Human insulin has long been known to form amyloid fibrils under given conditions. The molecular basis of insulin aggregation is relevant for modeling the amyloidogenesis process, which is involved in many pathologies, as well as for improving delivery systems, used for diabetes treatments. Insulin aggregation displays a wide variety of morphologies, from small oligomeric filaments to huge floccules, and therefore different specific processes are likely to be intertwined in the overall aggregation. In the present work, we studied the aggregation kinetics of human insulin at low pH and different temperatures and concentrations. The structure and the morphogenesis of aggregates on a wide range of length scales (from monomeric proteins to elongated fibrils and larger aggregates networks) have been monitored by using different experimental techniques: time-lapse atomic force microscopy (AFM), quasi-elastic light-scattering (QLS), small and large angle static light-scattering, thioflavin T fluorescence, and optical microscopy. Our experiments, along with the analysis of scattered intensity distribution, show that fibrillar aggregates grow following a thermally activated heterogeneous coagulation mechanism, which includes both tip-to-tip elongation and lateral thickening. Also, the association of fibrils into bundles and larger clusters (up to tens of microns) occurs simultaneously and is responsible for an effective lag-time.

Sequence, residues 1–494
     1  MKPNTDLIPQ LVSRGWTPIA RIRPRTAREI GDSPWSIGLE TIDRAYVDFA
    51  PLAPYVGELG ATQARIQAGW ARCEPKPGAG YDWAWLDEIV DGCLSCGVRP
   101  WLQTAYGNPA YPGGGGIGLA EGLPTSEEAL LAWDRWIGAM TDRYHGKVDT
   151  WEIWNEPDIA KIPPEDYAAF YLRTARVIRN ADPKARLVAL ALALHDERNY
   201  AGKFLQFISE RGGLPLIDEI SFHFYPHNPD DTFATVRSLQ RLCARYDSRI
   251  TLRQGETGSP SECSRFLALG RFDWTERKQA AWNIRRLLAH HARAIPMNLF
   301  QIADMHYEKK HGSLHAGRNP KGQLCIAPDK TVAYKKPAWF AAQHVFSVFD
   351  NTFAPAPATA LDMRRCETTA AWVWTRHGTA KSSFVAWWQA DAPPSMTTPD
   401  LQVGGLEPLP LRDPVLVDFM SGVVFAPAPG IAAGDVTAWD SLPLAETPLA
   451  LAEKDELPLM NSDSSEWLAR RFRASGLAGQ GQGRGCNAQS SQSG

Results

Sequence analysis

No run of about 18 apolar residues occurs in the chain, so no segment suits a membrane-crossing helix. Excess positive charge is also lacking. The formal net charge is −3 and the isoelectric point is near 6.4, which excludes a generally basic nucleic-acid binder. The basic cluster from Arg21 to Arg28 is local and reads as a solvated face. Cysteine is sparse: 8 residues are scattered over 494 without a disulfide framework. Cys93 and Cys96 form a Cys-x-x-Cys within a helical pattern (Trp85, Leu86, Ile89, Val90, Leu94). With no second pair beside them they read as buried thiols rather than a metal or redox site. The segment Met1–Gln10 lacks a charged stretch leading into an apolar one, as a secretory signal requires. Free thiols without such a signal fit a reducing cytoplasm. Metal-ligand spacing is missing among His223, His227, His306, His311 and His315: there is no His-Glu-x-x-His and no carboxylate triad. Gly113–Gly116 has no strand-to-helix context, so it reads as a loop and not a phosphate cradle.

|Numero di pagine||17|
|Rivista||Journal of Molecular Biology|
|Stato di pubblicazione||Published - 2007|
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